DBest Products Net Worth 2021 – What Happened After Shark Tank


Richard Elden approached Shark Tank with a unique problem. He pitched an already successful business to the Sharks, asking for $350 000 for 5% equity of his business, dBest Products.

Elden is an innovator in the lightweight collapsible cart business, founding dBest in 1998.

Why would he ask for help when his business is thriving? Elden believed that getting a Shark on board would help finance his inventory.

After negotiations, Elden walked away with a deal for $350,000 for 20% and $2 million financing at 15% interest, from two Sharks.

The company has continued to grow and now has an estimated net worth of over $15 Million.

What Are dBest Products?

DBest is a line of patented collapsible carts, dollies, carriers, coolers, and more. The highly maneuverable carts offer the ultimate in carrying convenience.

From the original Quik Cart to the Smart Cart, to a Stair Climber Dolly – whether you are shopping, doing laundry, cleaning, toting your pet around, lugging your office to work, or going on a picnic – there’s a dBest trolley for you!

The dBest motto is “Life is tough, we make it easier”. Apart from convenience, dBest Products are designed and manufactured with sustainability in mind and support the goal to end the use of non-recyclable plastic bags.

Who Is Richard Elden?

Richard Elden owns dBest Products. Originally from London, he holds a Masters in Business Administration.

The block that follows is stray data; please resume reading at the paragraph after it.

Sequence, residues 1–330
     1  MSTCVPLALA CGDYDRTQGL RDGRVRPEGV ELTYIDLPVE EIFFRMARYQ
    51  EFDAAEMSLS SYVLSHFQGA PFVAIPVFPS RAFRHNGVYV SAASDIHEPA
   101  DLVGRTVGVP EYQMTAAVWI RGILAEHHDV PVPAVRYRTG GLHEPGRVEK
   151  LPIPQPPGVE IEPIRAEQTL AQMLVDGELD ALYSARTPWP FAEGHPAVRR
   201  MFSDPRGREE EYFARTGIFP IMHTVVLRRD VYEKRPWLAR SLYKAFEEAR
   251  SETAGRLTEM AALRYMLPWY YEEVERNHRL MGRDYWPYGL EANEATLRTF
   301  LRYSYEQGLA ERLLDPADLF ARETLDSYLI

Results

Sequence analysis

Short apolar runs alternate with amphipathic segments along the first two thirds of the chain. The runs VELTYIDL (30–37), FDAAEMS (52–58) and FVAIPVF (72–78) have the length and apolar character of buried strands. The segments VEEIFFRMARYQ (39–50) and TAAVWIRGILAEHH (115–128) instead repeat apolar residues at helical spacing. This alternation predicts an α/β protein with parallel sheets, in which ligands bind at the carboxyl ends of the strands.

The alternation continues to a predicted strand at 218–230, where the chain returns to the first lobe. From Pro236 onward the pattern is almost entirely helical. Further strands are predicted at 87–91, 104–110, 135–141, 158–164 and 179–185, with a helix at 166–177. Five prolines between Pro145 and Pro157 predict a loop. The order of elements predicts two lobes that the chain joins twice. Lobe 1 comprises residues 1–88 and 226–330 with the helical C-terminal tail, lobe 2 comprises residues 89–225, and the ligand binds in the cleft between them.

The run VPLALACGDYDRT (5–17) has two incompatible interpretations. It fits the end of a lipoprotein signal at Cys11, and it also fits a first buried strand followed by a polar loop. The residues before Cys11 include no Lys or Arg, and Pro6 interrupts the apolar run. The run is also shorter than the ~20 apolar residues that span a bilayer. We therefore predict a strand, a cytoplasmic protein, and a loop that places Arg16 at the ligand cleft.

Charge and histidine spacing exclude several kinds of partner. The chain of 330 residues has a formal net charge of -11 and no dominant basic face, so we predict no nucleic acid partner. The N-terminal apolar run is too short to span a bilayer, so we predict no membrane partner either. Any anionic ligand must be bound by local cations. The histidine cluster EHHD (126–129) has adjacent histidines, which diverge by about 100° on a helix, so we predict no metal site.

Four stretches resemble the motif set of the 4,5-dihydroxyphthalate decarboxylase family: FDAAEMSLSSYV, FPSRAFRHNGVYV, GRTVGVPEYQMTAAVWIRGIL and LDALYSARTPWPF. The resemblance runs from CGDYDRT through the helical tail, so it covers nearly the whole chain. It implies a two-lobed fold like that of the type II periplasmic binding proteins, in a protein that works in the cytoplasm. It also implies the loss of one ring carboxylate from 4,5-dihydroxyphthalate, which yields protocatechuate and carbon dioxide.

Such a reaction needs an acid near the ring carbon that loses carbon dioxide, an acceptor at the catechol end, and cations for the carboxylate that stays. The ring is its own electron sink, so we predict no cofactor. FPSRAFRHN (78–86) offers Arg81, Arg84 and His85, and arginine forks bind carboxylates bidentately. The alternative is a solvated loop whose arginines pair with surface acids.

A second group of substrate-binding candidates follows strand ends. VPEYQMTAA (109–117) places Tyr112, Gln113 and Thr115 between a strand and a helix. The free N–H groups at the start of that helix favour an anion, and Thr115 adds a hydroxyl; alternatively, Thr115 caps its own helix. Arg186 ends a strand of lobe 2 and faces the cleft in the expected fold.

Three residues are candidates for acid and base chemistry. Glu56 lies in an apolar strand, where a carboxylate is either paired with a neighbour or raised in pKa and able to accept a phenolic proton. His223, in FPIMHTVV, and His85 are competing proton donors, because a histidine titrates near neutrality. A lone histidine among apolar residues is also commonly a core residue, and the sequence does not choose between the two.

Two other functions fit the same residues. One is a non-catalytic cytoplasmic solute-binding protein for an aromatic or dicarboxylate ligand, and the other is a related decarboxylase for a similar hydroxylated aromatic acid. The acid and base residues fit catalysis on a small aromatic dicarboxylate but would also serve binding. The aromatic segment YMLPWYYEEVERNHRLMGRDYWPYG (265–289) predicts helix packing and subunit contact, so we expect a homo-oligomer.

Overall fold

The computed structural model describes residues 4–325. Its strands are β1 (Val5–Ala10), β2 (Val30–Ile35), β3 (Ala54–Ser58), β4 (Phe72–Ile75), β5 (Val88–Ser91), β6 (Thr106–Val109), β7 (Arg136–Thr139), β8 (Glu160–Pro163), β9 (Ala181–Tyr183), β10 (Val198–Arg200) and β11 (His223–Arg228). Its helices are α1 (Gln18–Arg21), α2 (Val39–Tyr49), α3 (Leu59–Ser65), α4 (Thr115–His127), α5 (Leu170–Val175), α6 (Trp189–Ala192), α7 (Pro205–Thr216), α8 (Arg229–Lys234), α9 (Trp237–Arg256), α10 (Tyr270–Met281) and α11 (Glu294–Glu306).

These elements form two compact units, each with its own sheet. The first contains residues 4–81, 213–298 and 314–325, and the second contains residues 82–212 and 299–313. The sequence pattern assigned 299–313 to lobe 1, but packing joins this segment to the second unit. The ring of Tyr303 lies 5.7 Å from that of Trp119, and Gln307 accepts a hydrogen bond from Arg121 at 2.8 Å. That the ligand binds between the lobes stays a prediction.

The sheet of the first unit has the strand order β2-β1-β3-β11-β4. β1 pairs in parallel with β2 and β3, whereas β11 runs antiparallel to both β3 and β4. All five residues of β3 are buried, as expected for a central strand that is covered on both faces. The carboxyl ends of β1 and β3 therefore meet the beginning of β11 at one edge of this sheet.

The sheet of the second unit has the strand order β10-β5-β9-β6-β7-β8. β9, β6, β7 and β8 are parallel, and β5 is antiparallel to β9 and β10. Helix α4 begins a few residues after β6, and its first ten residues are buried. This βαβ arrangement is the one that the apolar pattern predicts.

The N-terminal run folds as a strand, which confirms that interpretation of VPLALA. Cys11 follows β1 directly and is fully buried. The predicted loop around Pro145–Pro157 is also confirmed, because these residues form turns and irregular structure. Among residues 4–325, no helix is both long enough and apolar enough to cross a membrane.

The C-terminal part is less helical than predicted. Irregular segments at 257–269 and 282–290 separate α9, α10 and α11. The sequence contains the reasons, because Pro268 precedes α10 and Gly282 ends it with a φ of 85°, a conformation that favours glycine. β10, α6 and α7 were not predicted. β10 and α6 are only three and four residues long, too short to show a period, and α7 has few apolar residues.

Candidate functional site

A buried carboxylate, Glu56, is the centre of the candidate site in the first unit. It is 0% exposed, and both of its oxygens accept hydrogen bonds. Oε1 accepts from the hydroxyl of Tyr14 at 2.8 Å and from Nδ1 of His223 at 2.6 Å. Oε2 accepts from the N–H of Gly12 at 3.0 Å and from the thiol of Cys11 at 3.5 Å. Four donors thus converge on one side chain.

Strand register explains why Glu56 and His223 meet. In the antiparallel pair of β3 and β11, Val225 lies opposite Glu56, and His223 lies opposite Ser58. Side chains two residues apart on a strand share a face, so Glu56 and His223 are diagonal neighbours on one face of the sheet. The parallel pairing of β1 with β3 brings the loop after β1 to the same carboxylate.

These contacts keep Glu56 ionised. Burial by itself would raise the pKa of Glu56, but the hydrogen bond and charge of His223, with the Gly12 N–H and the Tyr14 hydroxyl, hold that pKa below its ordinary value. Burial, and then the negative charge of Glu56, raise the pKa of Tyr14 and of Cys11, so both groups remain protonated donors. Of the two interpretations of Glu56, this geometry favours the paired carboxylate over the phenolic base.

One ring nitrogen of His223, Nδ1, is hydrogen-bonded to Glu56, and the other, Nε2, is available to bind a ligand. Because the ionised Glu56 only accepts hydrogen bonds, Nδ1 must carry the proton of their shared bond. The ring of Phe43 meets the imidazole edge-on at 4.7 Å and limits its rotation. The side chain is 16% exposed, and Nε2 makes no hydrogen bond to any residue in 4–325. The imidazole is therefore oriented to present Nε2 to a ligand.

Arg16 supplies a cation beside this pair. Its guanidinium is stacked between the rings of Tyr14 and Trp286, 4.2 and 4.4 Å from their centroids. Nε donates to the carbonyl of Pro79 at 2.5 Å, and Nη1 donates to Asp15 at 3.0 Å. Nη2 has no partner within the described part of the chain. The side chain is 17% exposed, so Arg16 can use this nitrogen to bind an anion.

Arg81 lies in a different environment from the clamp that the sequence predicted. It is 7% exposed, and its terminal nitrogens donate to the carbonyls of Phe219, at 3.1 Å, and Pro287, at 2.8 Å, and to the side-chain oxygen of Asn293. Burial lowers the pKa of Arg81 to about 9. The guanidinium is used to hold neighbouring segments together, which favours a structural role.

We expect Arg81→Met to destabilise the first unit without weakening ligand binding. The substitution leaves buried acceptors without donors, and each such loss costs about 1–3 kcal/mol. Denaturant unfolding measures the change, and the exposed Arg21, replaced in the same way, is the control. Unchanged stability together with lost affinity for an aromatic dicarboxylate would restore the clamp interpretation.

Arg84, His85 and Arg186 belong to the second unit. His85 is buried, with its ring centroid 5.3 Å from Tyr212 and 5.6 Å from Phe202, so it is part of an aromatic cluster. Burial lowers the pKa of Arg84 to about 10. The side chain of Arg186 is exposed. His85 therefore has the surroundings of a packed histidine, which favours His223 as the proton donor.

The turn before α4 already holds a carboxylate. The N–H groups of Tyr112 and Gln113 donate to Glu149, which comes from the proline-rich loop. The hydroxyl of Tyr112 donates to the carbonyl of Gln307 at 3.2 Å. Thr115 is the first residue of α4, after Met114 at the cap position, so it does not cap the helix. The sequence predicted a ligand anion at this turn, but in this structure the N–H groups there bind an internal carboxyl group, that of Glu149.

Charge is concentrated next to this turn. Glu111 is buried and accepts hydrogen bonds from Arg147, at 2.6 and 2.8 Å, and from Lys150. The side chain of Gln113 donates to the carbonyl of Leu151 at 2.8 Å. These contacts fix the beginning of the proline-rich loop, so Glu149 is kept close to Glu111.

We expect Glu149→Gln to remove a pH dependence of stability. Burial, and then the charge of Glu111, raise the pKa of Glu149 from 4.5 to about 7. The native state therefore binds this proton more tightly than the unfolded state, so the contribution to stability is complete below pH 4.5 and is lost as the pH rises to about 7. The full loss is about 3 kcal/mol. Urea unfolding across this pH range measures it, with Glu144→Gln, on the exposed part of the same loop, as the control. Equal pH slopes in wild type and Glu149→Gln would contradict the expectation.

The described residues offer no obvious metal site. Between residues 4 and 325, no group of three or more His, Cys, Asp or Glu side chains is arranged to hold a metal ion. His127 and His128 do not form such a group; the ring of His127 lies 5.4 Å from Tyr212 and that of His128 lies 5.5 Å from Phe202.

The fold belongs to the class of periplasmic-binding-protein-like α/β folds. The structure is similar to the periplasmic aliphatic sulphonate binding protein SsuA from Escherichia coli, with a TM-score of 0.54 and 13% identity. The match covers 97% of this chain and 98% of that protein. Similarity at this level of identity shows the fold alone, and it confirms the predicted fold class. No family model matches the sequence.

Elden launched dBest with the original collapsible Quik Cart. In response to California’s ban on single-use plastic bags, the business grew.

“King of carts” Elden had been in business for nearly 15 years when he approached the Sharks.

What Happened During The Pitch?

Elden entered the Shark Tank toting 110 pounds of concrete effortlessly in his less-than-3-pound Smart Cart, which he proceeded to demonstrate, along with other products.

The Sharks loved Elden’s energetic pitch for “smart money”.

Elden shared that his sales were $5 million that year so far, projected to $7 – 8 million by year end. This was up $2.5 million from the previous year. Impressive figures indeed.

So, the Sharks wanted to know: why ask for more money?

As a 100% owner of the business, Elden was looking for a partner to help fund his inventory in order to fulfill current orders – he needed cash or he would lose out to competitors. He admitted to not being able to keep up with the growth of the business. And he was not happy going to a bank for a loan.

The Sharks were still not clear, so Elden revealed he had a $3 million order from giants QVC that was not part of the valuation he had just shared with the Sharks.

The Sharks made offers: Daymond John offered $350 000 for 15% with a guarantee to finance all future orders. Kevin O’Leary offered $350 000 as a line of credit at 18% with a 5% equity. Robert Herjavec declined to make an offer.

It was therefore over to Lori Greiner and Mark Cuban. Greiner, with her interests in QVC, was very keen to make an offer.

The Investment

Cuban proposed that he and Greiner offer $350,000 at 20% equity with a further $2 million financing at 15%.

Although Elden proposed $700 000 for 15% equity and a line of credit, Cuban and Greiner wouldn’t budge.

Elden accepted their original offer.

Jeremy Alexander critiqued the pitch here.





Today, Greiner and Cuban are not listed as dBest partners, so clearly the deal fell through.

However, dBest is bigger than ever, with their products selling to customers in 30 countries. In 2021, dBest is still in business and doing an estimated $8 – 10 million in annual revenue.

dBest Products are distributed by Amazon and are available from a range on online and retail markets.

You can follow the business on Facebook.